The Maoist rebels are not equipped solely with guns and grenades. They now have modern means of communication like satellite phones, allowing rebels in Khandbari and Swragadwari in the east to stay in touch with comrades in Gulmi and other western districts of the west. It not only helps the Nepali rank and file but they can also call relatives living abroad.
"Hello! Can we have our mess there today?" asks Amar, second-in-command at the Mangalsen First Brigade Battalion, on a satellite uplink from Gulmi. "HQ and a company will arrive today, everything should be ready." After he's done, a group gathers around to briefly exchange greetings with their comrades. "We have been unable to meet after the Beni attack, but thanks to modern technology, we can talk like this," a Maoist said, pointing to the set.
The phone was then handed over to Bam Dev Chhetri, a Maoist central member, who had to contact his superiors. During his stay in New Delhi, Chhetri familiarised himself with all kinds of communication mediums and his expertise helped the Maoists establish a functional network across the country. "We developed our system to suit our needs," he says.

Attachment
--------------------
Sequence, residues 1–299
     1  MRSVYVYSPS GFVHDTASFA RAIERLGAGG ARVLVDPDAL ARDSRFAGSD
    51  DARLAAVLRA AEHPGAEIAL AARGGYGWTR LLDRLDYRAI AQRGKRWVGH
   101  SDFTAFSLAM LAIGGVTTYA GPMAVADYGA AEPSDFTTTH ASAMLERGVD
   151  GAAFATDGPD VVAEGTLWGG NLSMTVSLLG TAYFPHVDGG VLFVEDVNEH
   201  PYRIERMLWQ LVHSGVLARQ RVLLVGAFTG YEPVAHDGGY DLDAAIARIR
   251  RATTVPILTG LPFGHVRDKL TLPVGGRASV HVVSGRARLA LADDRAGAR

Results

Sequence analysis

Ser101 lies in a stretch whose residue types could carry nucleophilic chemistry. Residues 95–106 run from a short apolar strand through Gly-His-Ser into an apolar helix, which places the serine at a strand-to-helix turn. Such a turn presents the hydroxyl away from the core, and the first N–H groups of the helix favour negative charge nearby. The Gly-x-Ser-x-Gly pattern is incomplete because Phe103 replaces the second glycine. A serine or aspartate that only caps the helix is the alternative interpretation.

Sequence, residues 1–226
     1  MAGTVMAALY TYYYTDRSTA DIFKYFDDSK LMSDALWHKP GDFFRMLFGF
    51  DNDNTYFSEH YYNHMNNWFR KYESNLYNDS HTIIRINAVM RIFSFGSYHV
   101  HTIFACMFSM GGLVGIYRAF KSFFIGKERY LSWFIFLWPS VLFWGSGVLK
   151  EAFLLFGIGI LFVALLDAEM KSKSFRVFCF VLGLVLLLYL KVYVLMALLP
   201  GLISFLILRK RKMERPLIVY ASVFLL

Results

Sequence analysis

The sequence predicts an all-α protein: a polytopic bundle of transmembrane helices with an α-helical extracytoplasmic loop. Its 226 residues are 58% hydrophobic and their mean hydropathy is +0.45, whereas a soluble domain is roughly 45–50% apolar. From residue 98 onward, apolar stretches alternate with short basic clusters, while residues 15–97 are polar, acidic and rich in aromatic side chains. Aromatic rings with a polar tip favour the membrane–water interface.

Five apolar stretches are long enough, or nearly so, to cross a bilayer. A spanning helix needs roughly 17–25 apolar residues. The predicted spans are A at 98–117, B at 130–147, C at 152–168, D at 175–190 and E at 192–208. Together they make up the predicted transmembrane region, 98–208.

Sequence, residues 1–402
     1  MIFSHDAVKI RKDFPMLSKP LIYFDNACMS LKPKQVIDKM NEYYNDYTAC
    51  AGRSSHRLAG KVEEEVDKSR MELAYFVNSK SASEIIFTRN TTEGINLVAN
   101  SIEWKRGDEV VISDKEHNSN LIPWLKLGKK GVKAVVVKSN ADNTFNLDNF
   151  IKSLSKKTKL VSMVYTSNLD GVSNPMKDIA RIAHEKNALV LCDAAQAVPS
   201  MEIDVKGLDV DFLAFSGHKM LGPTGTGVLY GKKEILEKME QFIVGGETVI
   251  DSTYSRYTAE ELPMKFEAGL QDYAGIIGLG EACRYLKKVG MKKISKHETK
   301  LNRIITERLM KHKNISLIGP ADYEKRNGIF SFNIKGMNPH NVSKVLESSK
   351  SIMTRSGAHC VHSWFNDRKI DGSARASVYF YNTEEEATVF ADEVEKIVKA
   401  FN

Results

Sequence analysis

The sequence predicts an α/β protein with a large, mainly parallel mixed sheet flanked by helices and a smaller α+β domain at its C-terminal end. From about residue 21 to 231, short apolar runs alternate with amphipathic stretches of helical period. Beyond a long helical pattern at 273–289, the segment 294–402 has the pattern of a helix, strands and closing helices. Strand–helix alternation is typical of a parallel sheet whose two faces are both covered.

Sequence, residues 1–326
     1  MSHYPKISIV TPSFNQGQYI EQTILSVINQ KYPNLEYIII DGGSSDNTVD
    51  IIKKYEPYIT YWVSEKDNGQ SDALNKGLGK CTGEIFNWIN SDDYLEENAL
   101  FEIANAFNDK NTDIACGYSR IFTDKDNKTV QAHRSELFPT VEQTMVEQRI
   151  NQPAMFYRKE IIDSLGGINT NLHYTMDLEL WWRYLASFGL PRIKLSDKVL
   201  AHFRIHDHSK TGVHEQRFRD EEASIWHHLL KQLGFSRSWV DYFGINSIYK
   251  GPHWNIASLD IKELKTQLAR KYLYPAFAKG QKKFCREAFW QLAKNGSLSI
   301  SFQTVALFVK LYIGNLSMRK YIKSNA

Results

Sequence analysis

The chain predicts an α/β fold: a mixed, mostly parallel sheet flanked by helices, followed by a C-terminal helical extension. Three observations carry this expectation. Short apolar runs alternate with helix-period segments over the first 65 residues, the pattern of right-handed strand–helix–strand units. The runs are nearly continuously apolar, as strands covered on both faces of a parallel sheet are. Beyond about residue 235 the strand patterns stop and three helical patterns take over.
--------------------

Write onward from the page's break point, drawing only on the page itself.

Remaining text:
Intercom communication has revolutionised the Maoist side: the rebels across the length and breadth of the country now have a tangible link with each other. Mother units that have a range of 80km and cost Rs 30,000 each have been installed in different districts with technical teams for operations. Each primary set has a secondary system of around a dozen telephones. These sets cannot be used to contact anyone outside the network but do, however, intercept signals from security force walkie-talkies. Getting advance notice on the movement of troops is now as easy as listening eavesdropping.
In rural areas, where locals have not seen ordinary telephones, the sophisticated machines imported from Singapore, Germany and Belgium carried by rebel leaders are objects of wonder. "In the army, only ranks above battalion commander are given satellite phones," says battalion commander Sudeep. "But each district headquarters controlled by of our party has one."
The rebels also use very high frequency (VHF) phones installed by the government in different districts. They destroyed repeater towers in areas out of their immediate control but have kept the system functioning everywhere else.